Phylogeny and the hierarchical organization of plant diversity

Silvertown, Jonathan; Dodd, Mike; Gowing, David; Lawson, Clare and McConway, Kevin (2006). Phylogeny and the hierarchical organization of plant diversity. Ecology, 87(7, Sup) S39-S49.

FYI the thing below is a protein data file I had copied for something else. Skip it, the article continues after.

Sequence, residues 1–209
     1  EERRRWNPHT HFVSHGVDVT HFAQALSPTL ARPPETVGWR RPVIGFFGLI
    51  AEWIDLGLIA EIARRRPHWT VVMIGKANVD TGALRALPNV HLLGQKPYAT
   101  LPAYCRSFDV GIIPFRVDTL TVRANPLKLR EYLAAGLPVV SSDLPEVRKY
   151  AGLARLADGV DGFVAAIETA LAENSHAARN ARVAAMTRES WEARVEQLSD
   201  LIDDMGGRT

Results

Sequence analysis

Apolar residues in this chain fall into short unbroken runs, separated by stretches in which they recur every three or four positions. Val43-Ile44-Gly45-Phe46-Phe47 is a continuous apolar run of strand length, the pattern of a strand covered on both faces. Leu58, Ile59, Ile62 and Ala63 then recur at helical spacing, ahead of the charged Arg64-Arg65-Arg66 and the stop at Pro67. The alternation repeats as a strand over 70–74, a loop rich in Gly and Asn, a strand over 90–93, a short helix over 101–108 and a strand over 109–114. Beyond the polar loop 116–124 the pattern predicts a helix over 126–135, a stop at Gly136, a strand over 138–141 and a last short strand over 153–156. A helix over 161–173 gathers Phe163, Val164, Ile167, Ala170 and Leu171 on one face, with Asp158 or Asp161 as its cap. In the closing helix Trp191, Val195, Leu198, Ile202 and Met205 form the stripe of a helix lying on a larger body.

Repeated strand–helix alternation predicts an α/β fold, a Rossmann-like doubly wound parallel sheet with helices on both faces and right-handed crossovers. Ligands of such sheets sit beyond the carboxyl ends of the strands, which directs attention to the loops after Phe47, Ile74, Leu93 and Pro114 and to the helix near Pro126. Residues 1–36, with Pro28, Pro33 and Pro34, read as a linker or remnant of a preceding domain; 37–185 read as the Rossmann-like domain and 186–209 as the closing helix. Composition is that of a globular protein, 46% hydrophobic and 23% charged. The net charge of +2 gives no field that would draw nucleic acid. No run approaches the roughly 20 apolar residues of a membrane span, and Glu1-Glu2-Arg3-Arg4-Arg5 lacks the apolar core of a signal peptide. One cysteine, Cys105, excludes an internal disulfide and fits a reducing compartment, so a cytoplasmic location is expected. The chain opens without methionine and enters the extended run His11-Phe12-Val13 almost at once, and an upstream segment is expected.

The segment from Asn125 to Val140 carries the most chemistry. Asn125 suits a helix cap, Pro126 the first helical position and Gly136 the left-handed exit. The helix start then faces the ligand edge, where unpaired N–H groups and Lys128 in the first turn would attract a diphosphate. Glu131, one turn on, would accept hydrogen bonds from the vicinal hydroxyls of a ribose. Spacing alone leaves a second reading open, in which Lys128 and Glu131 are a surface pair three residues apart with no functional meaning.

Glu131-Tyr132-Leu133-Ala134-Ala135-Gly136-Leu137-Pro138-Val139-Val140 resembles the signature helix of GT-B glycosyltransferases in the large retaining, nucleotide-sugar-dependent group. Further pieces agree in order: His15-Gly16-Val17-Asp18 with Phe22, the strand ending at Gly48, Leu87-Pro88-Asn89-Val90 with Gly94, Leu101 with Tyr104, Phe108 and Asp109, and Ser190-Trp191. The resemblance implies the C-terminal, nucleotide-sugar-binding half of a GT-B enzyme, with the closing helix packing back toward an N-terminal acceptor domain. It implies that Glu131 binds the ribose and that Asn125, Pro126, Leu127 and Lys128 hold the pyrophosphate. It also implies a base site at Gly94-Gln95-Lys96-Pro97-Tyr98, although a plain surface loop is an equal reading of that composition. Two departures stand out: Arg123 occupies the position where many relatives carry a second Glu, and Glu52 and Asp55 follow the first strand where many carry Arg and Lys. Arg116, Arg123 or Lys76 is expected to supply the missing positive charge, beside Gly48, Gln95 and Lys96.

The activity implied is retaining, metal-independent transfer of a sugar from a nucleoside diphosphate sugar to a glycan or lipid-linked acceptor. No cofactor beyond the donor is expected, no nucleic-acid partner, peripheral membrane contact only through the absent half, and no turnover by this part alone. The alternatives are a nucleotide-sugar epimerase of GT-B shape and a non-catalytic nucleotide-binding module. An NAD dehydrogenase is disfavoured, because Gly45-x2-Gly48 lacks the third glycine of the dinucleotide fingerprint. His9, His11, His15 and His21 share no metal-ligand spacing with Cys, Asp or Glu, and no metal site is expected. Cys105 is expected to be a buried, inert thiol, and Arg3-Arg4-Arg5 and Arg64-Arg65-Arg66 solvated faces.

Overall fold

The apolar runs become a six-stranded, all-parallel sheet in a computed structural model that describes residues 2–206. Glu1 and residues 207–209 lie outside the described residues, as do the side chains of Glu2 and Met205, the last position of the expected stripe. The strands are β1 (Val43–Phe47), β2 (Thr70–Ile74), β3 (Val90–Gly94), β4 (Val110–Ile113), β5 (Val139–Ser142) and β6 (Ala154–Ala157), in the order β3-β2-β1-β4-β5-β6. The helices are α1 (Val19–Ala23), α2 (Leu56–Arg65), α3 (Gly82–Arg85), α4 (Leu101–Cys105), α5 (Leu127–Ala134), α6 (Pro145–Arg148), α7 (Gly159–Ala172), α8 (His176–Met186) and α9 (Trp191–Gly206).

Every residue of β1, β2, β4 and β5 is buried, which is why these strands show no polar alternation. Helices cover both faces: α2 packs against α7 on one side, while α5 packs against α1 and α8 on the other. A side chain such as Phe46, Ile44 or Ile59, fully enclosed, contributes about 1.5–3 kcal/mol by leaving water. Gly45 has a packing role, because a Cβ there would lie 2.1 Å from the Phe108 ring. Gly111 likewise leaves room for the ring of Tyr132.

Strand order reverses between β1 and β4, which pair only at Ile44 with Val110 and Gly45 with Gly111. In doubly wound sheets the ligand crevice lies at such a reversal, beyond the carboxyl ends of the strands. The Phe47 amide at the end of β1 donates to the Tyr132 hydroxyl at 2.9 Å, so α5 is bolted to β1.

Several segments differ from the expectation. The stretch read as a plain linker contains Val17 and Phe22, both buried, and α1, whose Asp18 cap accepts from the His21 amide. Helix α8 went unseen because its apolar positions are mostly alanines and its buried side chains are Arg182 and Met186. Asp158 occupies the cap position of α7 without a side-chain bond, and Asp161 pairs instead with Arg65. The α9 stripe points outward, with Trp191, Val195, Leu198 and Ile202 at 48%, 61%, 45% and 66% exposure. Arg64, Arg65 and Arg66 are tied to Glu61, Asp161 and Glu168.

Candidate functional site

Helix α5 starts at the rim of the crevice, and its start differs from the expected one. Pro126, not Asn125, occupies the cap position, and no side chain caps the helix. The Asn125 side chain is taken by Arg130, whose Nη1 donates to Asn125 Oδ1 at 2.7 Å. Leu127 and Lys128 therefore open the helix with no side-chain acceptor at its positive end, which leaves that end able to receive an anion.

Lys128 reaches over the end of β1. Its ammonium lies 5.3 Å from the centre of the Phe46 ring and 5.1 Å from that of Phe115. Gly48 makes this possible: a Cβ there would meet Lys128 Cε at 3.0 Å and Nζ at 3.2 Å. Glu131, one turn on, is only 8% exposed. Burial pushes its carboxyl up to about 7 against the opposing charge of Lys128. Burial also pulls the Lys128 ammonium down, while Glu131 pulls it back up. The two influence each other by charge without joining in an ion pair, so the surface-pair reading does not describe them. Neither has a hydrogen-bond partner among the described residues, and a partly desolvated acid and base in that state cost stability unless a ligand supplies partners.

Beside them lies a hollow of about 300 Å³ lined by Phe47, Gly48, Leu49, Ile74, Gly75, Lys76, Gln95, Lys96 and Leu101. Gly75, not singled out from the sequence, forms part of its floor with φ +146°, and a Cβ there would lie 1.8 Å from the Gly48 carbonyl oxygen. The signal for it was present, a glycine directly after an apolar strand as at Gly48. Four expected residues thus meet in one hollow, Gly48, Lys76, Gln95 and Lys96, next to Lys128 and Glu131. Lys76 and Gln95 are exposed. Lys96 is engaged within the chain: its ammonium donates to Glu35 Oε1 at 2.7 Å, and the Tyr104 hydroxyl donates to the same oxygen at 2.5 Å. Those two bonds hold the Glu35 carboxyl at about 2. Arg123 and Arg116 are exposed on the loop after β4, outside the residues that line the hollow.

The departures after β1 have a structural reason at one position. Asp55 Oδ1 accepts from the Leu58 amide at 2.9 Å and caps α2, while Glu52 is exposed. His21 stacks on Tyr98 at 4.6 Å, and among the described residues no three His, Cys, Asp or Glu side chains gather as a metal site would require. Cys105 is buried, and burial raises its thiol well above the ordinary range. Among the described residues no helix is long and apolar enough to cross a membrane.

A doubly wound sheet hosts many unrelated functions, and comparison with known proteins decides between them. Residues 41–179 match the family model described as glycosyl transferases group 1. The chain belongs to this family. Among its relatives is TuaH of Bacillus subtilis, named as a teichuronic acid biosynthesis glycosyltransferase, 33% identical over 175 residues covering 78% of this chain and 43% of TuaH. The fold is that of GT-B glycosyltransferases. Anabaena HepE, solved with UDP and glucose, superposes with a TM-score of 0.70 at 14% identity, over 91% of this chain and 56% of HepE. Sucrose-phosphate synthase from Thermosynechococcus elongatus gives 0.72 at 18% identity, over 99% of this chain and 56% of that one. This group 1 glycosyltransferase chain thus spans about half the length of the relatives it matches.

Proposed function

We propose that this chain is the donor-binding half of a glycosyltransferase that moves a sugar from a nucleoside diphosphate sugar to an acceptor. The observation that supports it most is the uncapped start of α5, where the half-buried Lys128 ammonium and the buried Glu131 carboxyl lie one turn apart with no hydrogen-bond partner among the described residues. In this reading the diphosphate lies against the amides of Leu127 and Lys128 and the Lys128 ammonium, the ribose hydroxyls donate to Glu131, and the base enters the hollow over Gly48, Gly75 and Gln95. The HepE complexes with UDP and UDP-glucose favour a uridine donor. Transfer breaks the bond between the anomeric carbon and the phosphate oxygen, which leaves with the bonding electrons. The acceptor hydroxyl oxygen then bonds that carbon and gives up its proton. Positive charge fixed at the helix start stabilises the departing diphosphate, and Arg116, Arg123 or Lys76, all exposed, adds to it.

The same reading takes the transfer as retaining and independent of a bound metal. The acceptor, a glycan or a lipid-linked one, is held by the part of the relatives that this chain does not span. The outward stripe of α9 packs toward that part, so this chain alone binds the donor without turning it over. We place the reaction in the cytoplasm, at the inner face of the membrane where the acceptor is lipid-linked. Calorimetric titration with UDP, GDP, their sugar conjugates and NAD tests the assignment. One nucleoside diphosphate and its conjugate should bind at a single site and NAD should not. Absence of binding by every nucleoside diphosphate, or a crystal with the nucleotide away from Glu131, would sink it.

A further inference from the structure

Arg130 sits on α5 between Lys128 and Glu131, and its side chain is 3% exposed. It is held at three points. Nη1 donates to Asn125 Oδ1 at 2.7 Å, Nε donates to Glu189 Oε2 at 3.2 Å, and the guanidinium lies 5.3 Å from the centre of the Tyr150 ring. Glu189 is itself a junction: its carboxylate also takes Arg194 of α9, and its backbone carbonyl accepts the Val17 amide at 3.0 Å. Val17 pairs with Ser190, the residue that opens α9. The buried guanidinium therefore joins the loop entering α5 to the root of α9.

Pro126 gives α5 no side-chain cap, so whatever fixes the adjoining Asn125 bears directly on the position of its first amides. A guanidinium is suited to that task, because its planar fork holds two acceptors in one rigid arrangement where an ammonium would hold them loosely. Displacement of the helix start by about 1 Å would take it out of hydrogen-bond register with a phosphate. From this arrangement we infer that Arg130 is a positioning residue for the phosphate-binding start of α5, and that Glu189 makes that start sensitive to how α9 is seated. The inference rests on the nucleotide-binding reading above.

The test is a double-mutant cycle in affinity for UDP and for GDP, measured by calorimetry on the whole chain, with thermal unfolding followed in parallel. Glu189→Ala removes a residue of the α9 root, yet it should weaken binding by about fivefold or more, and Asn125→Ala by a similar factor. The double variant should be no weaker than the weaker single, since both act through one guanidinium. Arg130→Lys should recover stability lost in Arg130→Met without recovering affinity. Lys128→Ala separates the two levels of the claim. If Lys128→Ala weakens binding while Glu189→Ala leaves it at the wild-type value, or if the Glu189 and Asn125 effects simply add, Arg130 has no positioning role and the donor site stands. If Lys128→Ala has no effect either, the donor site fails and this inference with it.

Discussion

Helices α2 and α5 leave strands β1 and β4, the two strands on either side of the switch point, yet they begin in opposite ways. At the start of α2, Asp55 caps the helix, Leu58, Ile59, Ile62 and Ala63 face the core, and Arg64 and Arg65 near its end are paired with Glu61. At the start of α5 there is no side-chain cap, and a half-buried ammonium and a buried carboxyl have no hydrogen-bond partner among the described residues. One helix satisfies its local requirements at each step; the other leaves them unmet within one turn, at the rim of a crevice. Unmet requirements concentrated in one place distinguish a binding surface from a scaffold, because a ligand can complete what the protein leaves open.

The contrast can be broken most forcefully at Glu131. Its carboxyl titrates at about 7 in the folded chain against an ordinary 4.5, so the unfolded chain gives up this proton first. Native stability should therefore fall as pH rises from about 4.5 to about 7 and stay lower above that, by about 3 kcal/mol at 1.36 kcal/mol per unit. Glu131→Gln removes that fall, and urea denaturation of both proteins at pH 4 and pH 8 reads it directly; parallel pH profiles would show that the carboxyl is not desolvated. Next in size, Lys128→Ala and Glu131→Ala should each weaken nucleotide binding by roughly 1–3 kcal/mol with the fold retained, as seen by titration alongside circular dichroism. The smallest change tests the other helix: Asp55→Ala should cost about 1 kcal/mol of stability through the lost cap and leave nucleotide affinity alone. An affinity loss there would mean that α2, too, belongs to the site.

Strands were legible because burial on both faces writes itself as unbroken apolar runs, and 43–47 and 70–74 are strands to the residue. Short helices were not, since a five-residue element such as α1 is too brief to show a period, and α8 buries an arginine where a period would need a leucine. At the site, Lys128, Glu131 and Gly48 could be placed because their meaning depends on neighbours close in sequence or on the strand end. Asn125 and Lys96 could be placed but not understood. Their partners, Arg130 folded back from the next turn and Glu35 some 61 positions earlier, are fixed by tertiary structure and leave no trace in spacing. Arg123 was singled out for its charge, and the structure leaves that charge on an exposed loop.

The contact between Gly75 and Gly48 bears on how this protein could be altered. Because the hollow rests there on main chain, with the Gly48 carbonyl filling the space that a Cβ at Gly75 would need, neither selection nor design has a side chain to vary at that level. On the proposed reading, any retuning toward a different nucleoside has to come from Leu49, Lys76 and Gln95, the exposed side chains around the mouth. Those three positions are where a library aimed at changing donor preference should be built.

R. H. Whittaker's idea that plant diversity can be divided into a hierarchy of spatial components from alpha at the within-habitat scale through beta for the turnover of species between habitats to gamma along regional gradients implies the underlying existence of alpha, beta, and gamma niches. We explore the hypothesis that the evolution of a, (3, and gamma niches is also hierarchical, with traits that define the a niche being labile, while those defining a and 7 niches are conservative. At the a level we find support for the hypothesis in the lack of close significant phylogenetic relationship between meadow species that have similar a niches. In a second test, a niche overlap based on a variety of traits is compared between congeners and noncongeners in several communities; here, too, there is no evidence of a correlation between a niche and phylogeny. To test whether beta and gamma niches evolve conservatively, we reconstructed the evolution of relevant traits on evolutionary trees for 14 different clades. Tests against null models revealed a number of instances, including some in island radiations, in which habitat (beta niche) and elevational maximum (an aspect of the gamma niche) showed evolutionary conservatism.

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